And he quoted Nigerian writer and anti-colonialist Chinua Achebe who said: “Here is a piece of heresy – the British governed their colony of Nigeria with considerable care.


“There was a very highly competent cadre of government officials imbued with a high level of knowledge of how to run a country. British colonies were more or less expertly run.”

He added that while British justice might have been fierce it could not be bought or sold and said: “Now all that has changed.”


Prof. Biggar said if the British continued to hate themselves over colonialism they risked turning in on themselves and refusing to engage with the world even in the face of obvious evil.


He added: “If we believe what strident anti-colonialists tell us – namely that our imperial past was one long unbroken litany of oppression, exploitation and self deception – then our guilt will make us vulnerable to wilful manipulation, and it will confirm the belief that the best way we can serve the world is by leaving it well alone.”


Writing in The Times, Prof. Biggar went on to say the British could take pride in the Royal Navy’s century-long suppression of the Atlantic slave trade and added: “Bruce Gilley’s case for colonialism calls for us British to moderate our post-imperial guilt.”


Biggar and Gilley are not alone in defending, even praising, some aspects of our imperial past.  A survey last year showed Britons were broadly proud of the nation’s history of colonialism. YouGov found 44 per cent were proud of Britain's history of colonialism, with only 21 per cent regretting it happened and 23 per cent holding neither view.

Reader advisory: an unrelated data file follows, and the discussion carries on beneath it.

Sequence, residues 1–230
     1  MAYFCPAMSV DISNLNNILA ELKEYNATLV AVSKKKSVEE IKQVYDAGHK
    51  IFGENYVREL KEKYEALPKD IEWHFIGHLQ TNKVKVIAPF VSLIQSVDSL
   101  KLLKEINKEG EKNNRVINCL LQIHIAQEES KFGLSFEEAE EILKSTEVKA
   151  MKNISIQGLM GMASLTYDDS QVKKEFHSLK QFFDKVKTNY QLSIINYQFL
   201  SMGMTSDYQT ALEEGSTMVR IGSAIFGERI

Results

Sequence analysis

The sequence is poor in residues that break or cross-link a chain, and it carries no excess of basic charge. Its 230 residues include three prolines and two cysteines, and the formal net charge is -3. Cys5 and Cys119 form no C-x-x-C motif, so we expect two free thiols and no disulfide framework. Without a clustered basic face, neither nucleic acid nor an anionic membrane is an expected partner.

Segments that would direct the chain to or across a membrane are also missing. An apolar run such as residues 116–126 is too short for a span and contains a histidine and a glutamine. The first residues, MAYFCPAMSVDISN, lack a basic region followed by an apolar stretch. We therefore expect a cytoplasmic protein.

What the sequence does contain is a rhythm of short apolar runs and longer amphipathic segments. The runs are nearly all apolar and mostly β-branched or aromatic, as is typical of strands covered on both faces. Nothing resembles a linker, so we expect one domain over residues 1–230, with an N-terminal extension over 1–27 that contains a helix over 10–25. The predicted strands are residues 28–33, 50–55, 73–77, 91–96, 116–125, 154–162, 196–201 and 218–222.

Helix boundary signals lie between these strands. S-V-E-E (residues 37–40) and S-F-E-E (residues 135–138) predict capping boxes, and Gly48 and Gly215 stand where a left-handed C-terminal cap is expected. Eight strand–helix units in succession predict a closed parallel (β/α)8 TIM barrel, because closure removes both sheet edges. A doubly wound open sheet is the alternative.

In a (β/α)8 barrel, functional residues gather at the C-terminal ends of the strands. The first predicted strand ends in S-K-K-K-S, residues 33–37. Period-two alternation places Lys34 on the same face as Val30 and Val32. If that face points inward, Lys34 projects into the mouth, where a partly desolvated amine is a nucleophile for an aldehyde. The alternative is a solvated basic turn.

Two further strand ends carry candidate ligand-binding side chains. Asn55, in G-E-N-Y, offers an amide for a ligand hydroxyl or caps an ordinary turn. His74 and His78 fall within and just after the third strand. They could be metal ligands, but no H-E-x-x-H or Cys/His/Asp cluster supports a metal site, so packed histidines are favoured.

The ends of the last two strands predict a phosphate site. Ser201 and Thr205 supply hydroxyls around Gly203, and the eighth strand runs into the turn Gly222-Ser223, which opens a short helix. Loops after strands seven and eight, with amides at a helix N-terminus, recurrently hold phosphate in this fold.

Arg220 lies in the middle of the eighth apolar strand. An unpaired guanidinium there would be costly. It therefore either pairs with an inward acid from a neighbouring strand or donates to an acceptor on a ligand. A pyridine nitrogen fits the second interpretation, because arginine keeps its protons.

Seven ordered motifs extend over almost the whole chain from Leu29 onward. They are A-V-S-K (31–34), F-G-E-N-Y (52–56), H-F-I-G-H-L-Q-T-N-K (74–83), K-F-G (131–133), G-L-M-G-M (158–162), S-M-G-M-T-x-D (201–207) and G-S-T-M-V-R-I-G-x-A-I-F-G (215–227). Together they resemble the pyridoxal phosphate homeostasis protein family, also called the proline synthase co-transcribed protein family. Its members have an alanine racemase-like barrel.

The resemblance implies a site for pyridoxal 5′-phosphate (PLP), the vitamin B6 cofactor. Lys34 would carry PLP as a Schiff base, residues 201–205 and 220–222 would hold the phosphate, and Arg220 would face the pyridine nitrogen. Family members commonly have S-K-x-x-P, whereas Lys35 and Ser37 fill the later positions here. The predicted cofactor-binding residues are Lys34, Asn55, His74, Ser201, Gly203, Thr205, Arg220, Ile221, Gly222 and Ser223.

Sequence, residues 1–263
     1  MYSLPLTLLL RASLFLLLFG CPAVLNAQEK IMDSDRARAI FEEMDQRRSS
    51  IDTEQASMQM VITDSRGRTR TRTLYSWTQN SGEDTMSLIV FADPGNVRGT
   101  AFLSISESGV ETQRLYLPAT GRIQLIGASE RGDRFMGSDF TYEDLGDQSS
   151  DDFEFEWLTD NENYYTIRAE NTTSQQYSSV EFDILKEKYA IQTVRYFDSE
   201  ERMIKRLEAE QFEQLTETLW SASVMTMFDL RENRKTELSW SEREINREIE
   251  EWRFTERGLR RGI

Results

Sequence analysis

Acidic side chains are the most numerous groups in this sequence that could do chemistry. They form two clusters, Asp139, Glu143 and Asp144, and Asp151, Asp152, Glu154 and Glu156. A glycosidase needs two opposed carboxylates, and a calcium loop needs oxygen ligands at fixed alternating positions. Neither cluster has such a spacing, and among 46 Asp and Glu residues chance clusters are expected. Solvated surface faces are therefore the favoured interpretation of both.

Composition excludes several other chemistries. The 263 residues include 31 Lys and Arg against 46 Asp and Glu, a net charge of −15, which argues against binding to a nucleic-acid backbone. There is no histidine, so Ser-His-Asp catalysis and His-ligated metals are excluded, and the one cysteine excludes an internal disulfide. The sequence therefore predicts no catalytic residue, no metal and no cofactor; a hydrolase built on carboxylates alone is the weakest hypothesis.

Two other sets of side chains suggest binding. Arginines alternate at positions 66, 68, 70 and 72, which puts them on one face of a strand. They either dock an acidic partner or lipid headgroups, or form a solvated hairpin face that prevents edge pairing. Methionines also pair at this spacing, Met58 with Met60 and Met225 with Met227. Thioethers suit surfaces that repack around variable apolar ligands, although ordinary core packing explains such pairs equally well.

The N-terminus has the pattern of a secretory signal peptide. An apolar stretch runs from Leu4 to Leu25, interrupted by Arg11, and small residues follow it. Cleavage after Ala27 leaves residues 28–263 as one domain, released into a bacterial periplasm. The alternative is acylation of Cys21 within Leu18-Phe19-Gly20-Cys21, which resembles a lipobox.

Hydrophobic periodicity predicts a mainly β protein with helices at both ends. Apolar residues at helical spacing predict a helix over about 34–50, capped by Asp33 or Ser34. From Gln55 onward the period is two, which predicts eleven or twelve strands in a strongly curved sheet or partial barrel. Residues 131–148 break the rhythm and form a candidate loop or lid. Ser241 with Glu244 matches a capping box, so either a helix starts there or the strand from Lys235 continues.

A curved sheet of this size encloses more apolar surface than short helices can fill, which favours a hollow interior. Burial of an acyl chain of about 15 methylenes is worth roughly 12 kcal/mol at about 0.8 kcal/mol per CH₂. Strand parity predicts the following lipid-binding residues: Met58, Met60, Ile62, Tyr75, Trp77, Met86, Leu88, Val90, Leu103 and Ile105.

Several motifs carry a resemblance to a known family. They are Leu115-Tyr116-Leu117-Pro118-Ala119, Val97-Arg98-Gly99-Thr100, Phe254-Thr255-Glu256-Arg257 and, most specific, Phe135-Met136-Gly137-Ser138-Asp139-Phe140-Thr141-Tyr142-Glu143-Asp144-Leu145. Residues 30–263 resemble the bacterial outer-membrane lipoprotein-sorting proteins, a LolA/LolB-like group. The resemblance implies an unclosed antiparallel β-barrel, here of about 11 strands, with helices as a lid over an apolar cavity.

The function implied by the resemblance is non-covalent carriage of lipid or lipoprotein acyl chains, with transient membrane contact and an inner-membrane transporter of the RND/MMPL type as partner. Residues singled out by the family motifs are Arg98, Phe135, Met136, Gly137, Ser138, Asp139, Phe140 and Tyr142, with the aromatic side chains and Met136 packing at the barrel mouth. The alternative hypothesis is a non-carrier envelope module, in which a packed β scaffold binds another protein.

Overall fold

Lacking an appreciation of the reality of colonialism, the ‘elite’ remain fervent opponents of Brexit while praising the benefits and virtues of the EU. They fail to see that their beloved EU is becoming (has become?) the very thing they denounce – an evil empire.

 Even long before the 2017 Referendum, Jose Barroso, former President of the European Commission said of the EU:  

"We are a very special construction unique in the history of mankind. I like to compare the EU as a creation to the organisation of empire. We have the dimension of empire. What we have is the first non-imperial empire." he added confusingly.

 Did the ‘elite’ miss this declaration? Or did it just not match their youthful beliefs and was ignored? Or are they beginning to accept that not all imperialism is bad – as long as it’s practised by the EU?

 Whatever their brainwashing has achieved, it’s time for them to recognise that the EU has become an undemocratic empire with its own flag, national anthem, centralised bureaucracy and drive to expand its borders. It’s also behaving like an old-fashioned Central Power with its desire to punish the UK for daring to leave and plotting to prevent Eastern European countries democratising their legal systems. The ‘elite’ now need to rethink their fundamental beliefs and allegiances.

It is, of course, hard to discard the beliefs of childhood, but it is a necessary part of growing up.